And just like the exterior, updates are subtle in the Vento. The car gets the leather-clad flat-bottomed steering wheel with a touch of glossy black accent. And then, there is the centre console which gets silver accent, making things appear to be a tad more pleasant to the eye compared to the predecessor.
Other features in the Vento Highline include automatic powered windows with ‘anti-pinch’ feature all around, 60:40 split-folding rear seats, ‘Cable’ seat fabric upholstery, 320G infotainment system with 4 speakers, USB, SD card, and AUX-in connectivity, rear air-cond vents, cruise control, and four airbags. Where practicality is concerned, the boot offers 454-litres of storage space.
Storing things like water bottles, mobile phones and the Smart Tag during our drive to Penang from KL was not an issue at all as there were many compartments all around. What we love most about the cabin is how spacious it is. However, roomy as it was, the rear seats felt too hard for our liking; the front seats, on the other hand, was just right and provided good support throughout.
How does it drive?
The Vento Highline is one of those cars which you have to drive yourself to see its capabilities, simply because what you see on the brochure doesn’t really show what it can really do.
On paper, 105PS and 175Nm doesn’t look that impressive but believe it or not, this car can actually keep up with most Japanese 2.4-litre D-segment sedans out there.
Yes, powering the car is nothing more than a tiny turbocharged 1.2-litre engine but the way it works together with the 7-speed DSG gearbox and delivers power is mindblowing. Never once did we feel that the car was struggling, and the best part is that it sips on fuel like it’s allergic to it.
While claimed fuel consumption readings stand at 5.5-litres per 100km, we drove from Puchong to Penang and back, with slightly more than a quarter tank of fuel left.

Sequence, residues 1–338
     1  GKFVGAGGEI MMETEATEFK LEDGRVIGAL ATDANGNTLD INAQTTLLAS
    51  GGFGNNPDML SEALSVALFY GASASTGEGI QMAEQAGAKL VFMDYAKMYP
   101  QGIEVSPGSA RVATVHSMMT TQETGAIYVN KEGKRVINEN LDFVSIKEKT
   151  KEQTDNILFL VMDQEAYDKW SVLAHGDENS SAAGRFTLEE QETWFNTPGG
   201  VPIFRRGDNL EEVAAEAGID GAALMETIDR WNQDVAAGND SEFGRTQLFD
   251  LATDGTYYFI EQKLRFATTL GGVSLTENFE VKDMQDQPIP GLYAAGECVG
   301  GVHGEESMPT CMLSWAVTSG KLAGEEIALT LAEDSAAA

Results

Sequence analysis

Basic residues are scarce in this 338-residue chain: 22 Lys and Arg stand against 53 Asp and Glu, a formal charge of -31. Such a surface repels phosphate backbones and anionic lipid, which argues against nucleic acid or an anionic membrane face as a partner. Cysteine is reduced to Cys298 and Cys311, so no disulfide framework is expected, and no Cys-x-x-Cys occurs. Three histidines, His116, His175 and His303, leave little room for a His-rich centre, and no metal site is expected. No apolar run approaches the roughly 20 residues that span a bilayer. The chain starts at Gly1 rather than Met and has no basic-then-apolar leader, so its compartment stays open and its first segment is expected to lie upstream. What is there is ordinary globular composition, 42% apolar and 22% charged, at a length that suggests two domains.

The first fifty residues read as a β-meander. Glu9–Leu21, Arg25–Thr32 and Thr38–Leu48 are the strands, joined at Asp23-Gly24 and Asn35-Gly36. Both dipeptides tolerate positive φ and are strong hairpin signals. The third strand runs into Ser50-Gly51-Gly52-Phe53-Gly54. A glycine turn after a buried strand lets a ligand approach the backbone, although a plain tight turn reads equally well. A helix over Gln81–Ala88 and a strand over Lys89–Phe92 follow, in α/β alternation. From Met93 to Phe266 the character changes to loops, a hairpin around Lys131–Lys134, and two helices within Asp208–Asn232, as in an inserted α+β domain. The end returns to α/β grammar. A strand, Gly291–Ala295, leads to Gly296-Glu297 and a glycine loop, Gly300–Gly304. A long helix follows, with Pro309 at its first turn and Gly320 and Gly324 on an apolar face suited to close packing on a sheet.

If we are to compare it with its rivals, the Vento beats the City, Vios, and the Almera by miles in terms of performance, handling, and also refinement. The only area in which the Volkswagen might fall behind is reliability, simply because its powertrain is more complex than the ones in Japanese cars.
However, Volkswagen Group Malaysia said that it should not be an issue as a lot of local content has gone into the car, and that all major issues revolving around the DSG gearbox have been rectified.
That aside, the Vento turned out to be a decent drive overall throughout our journey up north and back.
Based on what we have seen so far, it is safe to say that the Vento Highline is a worthy option for those who are looking for a brand new sedan for under RM100,000.
Not only is it the first turbocharged model in its segment, but also arguably the most fuel efficient and the best handling model in class. Plus, the fact that it is powered by a 1.2-litre engine means that even the road tax would cost the least compared to its rivals.
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On another note, Volkswagen Malaysia is having a promotion now where those who purchase the Vento are entitled to free monthly instalments until end of the year.